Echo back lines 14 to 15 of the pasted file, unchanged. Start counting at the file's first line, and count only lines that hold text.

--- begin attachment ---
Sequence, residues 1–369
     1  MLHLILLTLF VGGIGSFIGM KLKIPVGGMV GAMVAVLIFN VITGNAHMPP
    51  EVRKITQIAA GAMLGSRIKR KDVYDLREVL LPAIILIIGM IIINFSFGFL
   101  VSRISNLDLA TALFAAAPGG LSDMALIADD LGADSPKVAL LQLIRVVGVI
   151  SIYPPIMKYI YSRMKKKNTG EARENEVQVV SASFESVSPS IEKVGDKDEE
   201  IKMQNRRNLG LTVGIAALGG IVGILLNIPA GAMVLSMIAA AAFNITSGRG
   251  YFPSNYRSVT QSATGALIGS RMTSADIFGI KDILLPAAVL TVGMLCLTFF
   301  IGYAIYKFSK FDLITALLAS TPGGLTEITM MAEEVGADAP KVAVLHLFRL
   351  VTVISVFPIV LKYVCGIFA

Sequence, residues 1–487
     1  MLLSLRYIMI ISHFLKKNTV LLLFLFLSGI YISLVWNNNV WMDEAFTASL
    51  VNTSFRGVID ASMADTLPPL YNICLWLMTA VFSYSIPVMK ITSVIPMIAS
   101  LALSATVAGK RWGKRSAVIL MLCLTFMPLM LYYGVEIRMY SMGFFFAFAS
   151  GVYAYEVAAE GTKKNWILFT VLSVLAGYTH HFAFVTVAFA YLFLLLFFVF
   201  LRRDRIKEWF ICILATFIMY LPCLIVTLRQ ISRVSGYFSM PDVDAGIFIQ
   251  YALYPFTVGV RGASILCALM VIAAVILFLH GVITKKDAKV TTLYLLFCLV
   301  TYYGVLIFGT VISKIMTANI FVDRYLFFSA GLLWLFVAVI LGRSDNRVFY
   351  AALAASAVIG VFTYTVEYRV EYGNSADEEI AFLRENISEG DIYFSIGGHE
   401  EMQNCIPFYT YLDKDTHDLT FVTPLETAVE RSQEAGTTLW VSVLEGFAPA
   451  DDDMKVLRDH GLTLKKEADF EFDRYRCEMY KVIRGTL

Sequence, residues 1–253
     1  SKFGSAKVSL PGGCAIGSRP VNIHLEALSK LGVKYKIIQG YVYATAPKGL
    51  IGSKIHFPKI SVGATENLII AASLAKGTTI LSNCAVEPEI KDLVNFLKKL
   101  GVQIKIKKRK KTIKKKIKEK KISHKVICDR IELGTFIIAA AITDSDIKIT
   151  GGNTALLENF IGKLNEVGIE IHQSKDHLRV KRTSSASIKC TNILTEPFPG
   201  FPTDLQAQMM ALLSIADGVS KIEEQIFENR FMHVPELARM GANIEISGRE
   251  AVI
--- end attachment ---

   151  GVYAYEVAAE GTKKNWILFT VLSVLAGYTH HFAFVTVAFA YLFLLLFFVF
   201  LRRDRIKEWF ICILATFIMY LPCLIVTLRQ ISRVSGYFSM PDVDAGIFIQ